A RSH might be expected to expand inferiorly through fascial planes to the pubic symphysis or to the prevesicular space, especially if below the arcuate line and between the transversalis fascia and peritoneal planes. If large enough, a RSH can lead to compression of ureters and the bladder with the consequence of urinary obstruction and hydronephrosis. Grading of RSH has previously been described by Berna et al. (8)

The rapid progression to obstructive anuria and hydronephrosis in the cases discussed here demonstrates the importance of recognizing RSH and its severity and to manage it appropriately. Fitzgerald et al suggest that RSH may be increasingly more common with an aging population and growing number of people on anticoagulation therapy. Despite its infrequency, RSH is important to consider in the differential for acute abdomen as a patient may clinically deteriorate from complications of an expanding hematoma that may mimic several conditions and confound the diagnosis. Though few cases have been reported, it appears that elderly females with previous pregnancies, poor abdominal tone, obesity and those recently started on anticoagulation have a greater likelihood of developing type three RSH leading to medical attention.


Rectus sheath hematoma though routinely benign, may present with severe complications such as hemorrhagic shock or obstructive anuria in occasional cases. Recognition of such complications with sudden deterioration in clinical presentation is critical to identify more commonly in type III hematoma. Elderly postmenopausal women with previous pregnancy who have been initiated on anticoagulation therapy are at increased risk of such a complication.


(1.) Cherry WB, Mueller PS: Rectus sheath hematoma: review of 126 cases at a single institution. Medicine. 2006;85(2)105-110.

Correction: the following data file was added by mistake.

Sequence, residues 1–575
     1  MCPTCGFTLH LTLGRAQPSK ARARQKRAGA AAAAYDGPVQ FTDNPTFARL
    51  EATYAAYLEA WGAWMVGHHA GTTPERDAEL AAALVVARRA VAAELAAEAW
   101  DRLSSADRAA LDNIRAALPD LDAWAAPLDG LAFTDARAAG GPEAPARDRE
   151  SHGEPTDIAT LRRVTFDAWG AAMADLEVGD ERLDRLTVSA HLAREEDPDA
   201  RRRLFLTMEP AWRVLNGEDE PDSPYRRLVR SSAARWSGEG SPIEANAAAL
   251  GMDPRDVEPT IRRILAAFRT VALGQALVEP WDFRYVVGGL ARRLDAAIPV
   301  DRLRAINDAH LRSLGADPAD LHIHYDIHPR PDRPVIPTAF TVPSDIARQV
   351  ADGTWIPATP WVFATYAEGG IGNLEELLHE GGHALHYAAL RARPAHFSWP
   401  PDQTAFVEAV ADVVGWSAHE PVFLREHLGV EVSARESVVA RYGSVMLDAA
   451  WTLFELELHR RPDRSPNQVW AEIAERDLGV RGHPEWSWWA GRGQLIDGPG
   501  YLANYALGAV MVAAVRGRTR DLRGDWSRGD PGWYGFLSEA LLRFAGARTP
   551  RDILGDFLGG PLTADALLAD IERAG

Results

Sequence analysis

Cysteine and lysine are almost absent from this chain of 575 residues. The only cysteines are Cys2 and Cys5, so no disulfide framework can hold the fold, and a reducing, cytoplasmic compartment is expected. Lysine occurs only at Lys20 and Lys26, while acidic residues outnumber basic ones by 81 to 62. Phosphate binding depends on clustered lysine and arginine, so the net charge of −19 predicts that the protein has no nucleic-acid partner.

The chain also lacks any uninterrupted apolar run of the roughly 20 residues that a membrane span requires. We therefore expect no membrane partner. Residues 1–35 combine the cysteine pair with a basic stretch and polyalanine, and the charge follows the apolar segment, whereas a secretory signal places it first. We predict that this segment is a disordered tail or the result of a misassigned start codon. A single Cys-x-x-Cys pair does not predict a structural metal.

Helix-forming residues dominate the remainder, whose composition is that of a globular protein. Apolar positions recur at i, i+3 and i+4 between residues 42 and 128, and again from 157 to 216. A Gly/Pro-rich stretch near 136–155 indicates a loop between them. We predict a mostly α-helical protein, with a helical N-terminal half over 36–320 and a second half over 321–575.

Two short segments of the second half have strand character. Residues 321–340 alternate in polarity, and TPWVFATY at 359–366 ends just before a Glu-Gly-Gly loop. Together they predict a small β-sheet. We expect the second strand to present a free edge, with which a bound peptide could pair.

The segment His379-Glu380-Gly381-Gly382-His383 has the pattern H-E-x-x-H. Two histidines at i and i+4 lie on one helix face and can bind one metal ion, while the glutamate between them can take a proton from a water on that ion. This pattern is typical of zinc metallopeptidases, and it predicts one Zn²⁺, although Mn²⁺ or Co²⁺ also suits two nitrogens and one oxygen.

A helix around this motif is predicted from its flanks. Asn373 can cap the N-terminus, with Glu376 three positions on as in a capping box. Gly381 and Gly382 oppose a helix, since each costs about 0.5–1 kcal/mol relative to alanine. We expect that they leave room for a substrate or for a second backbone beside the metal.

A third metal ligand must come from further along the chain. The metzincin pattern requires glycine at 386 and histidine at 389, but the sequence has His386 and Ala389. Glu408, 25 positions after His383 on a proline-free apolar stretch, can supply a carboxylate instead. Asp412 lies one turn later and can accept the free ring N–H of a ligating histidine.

(2.) Berna JD, Zuazu I, Madrigal M, Garcia-Medina V, et al: Conservative treatment of large rectus sheath hematoma in patients undergoing anticoagulant therapy. Abdom Imaging. 2000;25(3):230-234.

(3.) Kaden WS, Friedman EA: Obstructive uropathy complicating anticoagulant therapy. N Engl J Med. 1961;265:283.

(4.) Reig RC, Vila BJ, Ahmad WA, et al: Infrequent cause of bilateral obstructive uropathy. Actas Urol Esp. 1992;16(5)420-421.

(5.) Toyonaga J, Tsuruya K, Masutani K, et al: Hemorrhagic shock and obstructive uropathy due to a large rectus sheath hematoma in a patient on anticoagulant therapy. Intern Med. 2009;48()2119-2122.

(6.) Wakeman R, Rainsbury RM. An unusual cause of bilateral ureteric obstruction. Br J Surg. 1986;73(24)623.

(7.) Zalar JA, McDonald JH. Ureteral obstruction and vesicle compression secondary to hematoma of the rectus abdominis muscle. J Urol. 1969;102(1)47-48.

(8.) Berna JD, Garcia-Medina V, Guirao J, Garcia-Medina J. Rectus sheath hematoma: diagnostic classification by CT. Abdom Imaging. 1996;21(1):62-4.

Abbreviations: RSH--Rectus sheath hematoma, DVT--Deep vein thrombosis, PE--Pulmonary embolus, OSH--Outside hospital, INR--International normalized ratio, BUN--Blood urea nitrogen, Cr--Creatinine, CT--Computed tomography

Pankaj P. Dangle, MD

Saint Louis University School of Medicine, Department of Surgery, Division of Urology

Mitesh B. Patel, MS III

Saint Louis University School of Medicine

Marcos Teran, MS, MS III

Saint Louis University School of Medicine

Micheal J. Chehval, MD

Saint Louis University School of Medicine, Department of Surgery, Division of Urology

Corresponding Author: Pankaj P. Dangle MD, Mch, 3517 South Hoyne Ave Unit 6, Chicago Il 60609
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Title Annotation:Scientific Article
Author:Dangle, Pankaj P.; Patel, Mitesh B.; Teran, Marcos; Chehval, Micheal J.
Publication:West Virginia Medical Journal
Article Type:Case study
Date:Mar 1, 2013